Saponification - Preparation of Soap by Saponification Objective The purpose of this experiment is to prepare soap by saponification of a

Saponification - Preparation of Soap by Saponification...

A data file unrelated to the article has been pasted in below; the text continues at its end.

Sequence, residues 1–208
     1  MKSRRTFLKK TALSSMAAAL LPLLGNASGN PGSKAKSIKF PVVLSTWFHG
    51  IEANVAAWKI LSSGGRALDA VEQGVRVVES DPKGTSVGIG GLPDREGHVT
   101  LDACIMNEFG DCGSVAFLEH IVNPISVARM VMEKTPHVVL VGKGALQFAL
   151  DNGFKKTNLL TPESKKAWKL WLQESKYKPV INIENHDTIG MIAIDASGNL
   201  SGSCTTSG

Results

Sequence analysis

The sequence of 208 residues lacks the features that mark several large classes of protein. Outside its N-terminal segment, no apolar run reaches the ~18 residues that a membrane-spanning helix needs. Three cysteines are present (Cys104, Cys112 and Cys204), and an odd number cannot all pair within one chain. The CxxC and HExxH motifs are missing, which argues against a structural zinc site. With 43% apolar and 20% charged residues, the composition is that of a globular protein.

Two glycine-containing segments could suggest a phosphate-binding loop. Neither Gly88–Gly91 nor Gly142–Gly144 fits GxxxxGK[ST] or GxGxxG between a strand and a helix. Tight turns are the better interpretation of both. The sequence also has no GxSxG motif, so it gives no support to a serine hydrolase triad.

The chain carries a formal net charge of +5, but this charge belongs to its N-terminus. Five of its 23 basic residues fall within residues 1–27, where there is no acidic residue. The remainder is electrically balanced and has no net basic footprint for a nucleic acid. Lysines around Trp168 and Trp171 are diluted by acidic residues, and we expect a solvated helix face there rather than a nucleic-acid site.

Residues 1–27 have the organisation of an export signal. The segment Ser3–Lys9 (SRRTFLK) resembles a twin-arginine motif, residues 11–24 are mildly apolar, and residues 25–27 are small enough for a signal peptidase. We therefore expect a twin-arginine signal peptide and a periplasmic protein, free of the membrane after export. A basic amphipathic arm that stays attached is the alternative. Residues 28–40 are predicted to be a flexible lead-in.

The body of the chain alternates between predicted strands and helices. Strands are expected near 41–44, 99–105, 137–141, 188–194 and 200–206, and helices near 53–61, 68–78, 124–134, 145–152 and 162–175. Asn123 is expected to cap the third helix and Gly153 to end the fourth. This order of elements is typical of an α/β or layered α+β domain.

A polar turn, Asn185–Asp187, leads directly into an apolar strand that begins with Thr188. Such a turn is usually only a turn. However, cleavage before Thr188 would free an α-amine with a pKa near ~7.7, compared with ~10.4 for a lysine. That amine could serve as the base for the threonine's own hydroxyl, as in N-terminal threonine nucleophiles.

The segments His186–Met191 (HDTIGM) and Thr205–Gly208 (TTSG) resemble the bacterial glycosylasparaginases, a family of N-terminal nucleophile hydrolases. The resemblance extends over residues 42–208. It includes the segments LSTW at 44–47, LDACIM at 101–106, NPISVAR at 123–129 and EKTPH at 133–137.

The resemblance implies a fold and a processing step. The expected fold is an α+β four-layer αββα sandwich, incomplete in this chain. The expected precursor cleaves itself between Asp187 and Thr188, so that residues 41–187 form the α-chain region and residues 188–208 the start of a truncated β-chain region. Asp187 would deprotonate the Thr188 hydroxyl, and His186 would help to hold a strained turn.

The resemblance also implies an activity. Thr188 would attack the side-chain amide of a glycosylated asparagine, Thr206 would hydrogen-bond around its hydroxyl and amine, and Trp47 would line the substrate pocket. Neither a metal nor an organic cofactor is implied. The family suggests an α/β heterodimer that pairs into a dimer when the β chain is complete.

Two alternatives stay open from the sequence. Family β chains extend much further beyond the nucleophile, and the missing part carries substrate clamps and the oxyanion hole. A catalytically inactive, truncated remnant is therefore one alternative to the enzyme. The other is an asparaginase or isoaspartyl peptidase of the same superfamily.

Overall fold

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Preparation of Soap by Saponification Objective: The purpose of this experiment is to prepare soap by saponification of a triacylglycerol (a fat). In addition, some properties of soaps and detergents will be investigated. Safety Tips: Wear visorguards at all times while in the laboratory. HANDLE ALL SOLUTIONS WITH CAUTION. If acid and/or base is spilled on the counter top, clean it up immediately. IF A CHEMICAL IS SPILLED ON THE SKIN, IMMEDIATELY RINSE THE AREA WITH LARGE AMOUNTS OF WATER. Dispose of all solutions per instructor's directions. ANY sodium hydroxide solution spilled on the skin should be washed off IMMEDIATELY with large quantities of water. The dissolution of sodium hydroxide is a highly exothermic reaction. The temperature of this solution can reach 80 o C or higher. Therefore, handle HOT beakers with care. Background: Soaps, until the 19th century, were commonly prepared from animal fats or vegetable oils. Soaps and detergents are cleansing reagents, specifically surfactants that react on the surface of materials. Surfactants, depending on their chemical composition, are commercially used as either wetting agents, emulsifiers, dispersing agents, penetrants, anti-foaming reactants and/or cleansing reagents. Commercially available soaps and detergents are actually chemical compounds containing a variety of additional reagents to enhance their "cleaning ability" and/or target a specific cleaning purpose. Hair shampoos and antibacterial soaps are examples of such special purpose detergent products. The cleansing action of soaps and detergents come from their chemical make up and structure. A soap is the sodium or potassium salt of a long-chain fatty acid. The fatty acid usually contains 12 to 18 carbon atoms. Soaps consist of a nonpolar end (the hydrocarbon chain of the fatty acid) and a polar end (the ionic carboxylate). Because "like dissolves like", the nonpolar end (hydrophobic or water-hating part) of the soap molecule can dissolve the greasy dirt, and the polar or ionic end (hydrophilic or water-loving part) of the molecule is attracted to water molecules. Therefore, the dirt from the surface being cleaned will be pulled away and suspended in water. This structural combination of hydrophobic/hydrophilic components results in soap molecules forming drop like micelles. Micelles have hydrophobic interiors and hydrophilic exteriors.

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